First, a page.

10. “Yahoo! Will Become a More Powerful Content Competitor.”
    “With Yahoo! out of the core search business, many people, myself included, expect them to focus even more on the content side of the business. That means properties inside Yahoo! News & Media Group are going to get more attention and more investment. If you’re competing with Yahoo!’s content now, that battle may get tougher in the future.”

General Search Engines News

Meet Bing, Microsoft’s New Search Engine:

This Search Engine Land post describes how Microsoft’s former “Live Search” search engine  now officially has a new name “Bing,” in addition to an $80 million marketing budget. “The new name and some new features represent Microsoft’s quest to best Google in the search engine wars.” The post reports that the most significant change is how Bing organizes search results into categories (also known as clustering). “Google also has a form of clustering, called related search suggestions, though it’s nowhere near as dramatic as what Bing does.” The post points to two companion Search Engine Land posts: Microsoft’s Bing Vs Google: Head To Head Search Results and State Of Search: Google Will Stay Strong Despite Bing & Yahoo.

Yahoo Dominates The Web, Just Not In Search:

In a Search Engine Land post just before the Microsoft/Yahoo search deal, Barry Schwartz cited Jordan Golson’s Gigaom post, which noted that though Yahoo is not number one in search, it is number one in so many other areas, including these Yahoo properties: News, Finance, Sports, Mail, Entertainment, and Games (near tie). Golson points out that Yahoo Answers most likely also dominates that category on the web.

Search Engine & Mobile News

Google Mobile Advertising: It’s Time to Start:

In a Search Engine Watch post, David Szetela reports that Google CEO Eric Schmidt recently said, “…mobile advertising [will] generate more revenue than advertising on today’s Web.” To reinforce why mobile Pay Per Click advertising will become increasingly important, Szetela describes the following paradigm shifts:

  • All phones will eventually be “Smartphones” — essentially handheld computers.
  • For most people on the planet, their first — and only — Internet-enabled personal computer will be their phone.
  • The tiny-screen problem will become irrelevant.

How will Microsoft-Yahoo Deal affect Mobile?:

According to The Mobile Marketer‘s Dan Butcher, “Yahoo and Microsoft claim that their deal will be a game-changer for Web search and will drive innovation. But mobile seems to have gotten only a cursory nod from the alliance.” Analyzing the potential impact on mobile, he cites among others, Steve Baldwin, editor in chief of Didit, New York, as stating:

Microsoft is making big moves in the mobile area right now, especially in terms of its deal for Bing to provide default search services for Verizon, whose installed base of users is approximately 85 million,” he said.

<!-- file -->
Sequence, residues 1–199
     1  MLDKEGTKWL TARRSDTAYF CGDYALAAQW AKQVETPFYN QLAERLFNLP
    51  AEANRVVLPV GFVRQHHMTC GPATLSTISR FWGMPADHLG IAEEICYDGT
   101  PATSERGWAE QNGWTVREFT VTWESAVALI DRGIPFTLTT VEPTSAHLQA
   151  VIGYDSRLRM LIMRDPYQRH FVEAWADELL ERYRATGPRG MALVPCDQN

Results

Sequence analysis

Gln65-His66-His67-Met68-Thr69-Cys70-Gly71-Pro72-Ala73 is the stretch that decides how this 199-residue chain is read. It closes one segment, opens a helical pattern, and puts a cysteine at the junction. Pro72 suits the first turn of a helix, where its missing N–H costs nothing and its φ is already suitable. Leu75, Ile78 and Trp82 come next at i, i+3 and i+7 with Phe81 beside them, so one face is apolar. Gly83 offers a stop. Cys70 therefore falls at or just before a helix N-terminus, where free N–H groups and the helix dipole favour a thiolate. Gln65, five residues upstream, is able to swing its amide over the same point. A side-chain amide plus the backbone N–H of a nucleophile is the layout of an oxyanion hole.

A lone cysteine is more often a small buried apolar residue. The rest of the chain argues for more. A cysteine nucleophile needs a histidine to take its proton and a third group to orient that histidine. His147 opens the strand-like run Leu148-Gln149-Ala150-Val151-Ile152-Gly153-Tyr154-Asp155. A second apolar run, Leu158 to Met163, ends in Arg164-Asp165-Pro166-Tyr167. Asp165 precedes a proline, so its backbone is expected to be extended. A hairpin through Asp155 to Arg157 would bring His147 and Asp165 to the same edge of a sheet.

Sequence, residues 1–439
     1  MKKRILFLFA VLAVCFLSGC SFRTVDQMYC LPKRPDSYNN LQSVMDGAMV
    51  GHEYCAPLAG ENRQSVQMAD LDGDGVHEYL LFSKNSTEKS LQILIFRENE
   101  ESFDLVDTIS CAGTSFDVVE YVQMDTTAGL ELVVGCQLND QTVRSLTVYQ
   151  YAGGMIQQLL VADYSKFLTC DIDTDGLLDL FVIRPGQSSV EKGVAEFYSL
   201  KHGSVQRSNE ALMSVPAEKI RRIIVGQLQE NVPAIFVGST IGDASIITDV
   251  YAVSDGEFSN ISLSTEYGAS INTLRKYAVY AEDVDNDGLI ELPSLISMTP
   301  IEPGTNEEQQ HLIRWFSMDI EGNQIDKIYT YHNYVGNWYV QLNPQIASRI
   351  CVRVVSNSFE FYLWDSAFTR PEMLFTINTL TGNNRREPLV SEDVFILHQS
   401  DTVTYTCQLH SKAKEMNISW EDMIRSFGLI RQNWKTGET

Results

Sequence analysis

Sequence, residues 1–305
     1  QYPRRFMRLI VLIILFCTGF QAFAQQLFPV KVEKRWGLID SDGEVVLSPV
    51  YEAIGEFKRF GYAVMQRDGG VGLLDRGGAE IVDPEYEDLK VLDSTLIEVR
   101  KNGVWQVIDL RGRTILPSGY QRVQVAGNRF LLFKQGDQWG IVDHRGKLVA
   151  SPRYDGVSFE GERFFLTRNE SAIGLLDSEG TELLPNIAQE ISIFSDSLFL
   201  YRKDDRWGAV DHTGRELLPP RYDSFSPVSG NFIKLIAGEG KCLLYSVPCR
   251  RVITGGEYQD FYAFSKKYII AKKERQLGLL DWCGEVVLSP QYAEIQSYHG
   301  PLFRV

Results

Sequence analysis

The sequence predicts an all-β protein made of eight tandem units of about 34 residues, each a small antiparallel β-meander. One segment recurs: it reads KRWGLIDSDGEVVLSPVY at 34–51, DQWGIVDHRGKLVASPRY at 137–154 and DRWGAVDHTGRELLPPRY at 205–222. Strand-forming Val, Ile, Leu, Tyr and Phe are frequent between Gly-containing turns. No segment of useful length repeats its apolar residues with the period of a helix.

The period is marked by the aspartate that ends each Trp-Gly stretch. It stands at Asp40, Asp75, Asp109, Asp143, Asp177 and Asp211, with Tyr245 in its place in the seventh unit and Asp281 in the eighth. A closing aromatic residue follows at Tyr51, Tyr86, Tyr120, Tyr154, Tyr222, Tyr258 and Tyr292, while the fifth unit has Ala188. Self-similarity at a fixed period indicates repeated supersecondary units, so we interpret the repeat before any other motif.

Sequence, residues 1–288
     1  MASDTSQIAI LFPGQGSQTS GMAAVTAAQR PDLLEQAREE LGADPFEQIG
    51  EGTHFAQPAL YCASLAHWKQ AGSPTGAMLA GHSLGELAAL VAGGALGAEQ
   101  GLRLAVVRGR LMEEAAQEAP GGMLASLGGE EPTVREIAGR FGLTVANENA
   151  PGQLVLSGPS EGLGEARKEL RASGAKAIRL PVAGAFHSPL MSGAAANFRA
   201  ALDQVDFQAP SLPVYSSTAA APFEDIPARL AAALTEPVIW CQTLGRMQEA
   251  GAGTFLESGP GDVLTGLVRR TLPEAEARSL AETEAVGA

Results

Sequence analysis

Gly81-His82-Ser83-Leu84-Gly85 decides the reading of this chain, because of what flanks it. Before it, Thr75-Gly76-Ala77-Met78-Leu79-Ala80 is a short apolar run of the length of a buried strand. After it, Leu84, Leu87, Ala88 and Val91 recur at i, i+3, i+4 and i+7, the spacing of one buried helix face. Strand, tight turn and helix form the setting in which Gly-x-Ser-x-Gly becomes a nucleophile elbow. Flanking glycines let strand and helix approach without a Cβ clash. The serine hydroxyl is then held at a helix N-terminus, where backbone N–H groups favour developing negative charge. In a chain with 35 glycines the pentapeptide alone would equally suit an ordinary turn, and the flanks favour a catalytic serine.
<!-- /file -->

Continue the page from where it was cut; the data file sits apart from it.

“I cannot speculate on how its new arrangement with Yahoo might strengthen its offerings on such phones, but now that Yahoo and Microsoft are on newly friendly terms additional synergies do present themselves.”

Mr. Baldwin believes that having access to a much higher volume of search query data will help it realize some of the promises its targeting technologies have offered marketers for some time now.

Rachel Pasqua, director of mobile strategy at iCrossing, New York adds her take on the Microsoft/Yahoo deal’s impact on mobile search:

 “As a rule, we see people using the same search tools on their mobile that the do on their desktop and that means Google still has the advantage.

“That said, the benefits for both are obvious—Yahoo can stop worrying about search and concentrate their efforts on mobile product and content design, places where they’ve really excelled, and where Microsoft has always been lacking,” she said.

“And Microsoft gets to add Yahoo’s estimated 34.6 percent to their own mobile search market share, but that still won’t put them over 50 percent.”

Search Engines Fail Users in Finding Mobile Sites: Mobi Tech:

In The Mobile Marketer, Dan Butcher reports that “Mobi Tech International Inc. has tossed its hat into the ring of mobile search with the release of the Mobi iNet mobile application, challenging category leaders Google and Yahoo to a fight.” According to Mobi Tech, “more times than not the trusted Internet search engines like Google continue to return search results on smartphones that direct you to full desktop Web sites and not mobile-friendly sites.”

Mobi Tech believes “that people will still want to use Google or Yahoo, so the company has included the mobile-friendly versions of these search engines and others right inside Mobi iNet under the category “Search Engines.” Mobi Tech contends, however, “that while on a smartphone some people will want to use a standard search engine some of the time, but most people will want to use the mobile-friendly search of Mobi iNet most of the time.”

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Contacting the Author: Content for a Convergent World – Peg Mulligan’s Blog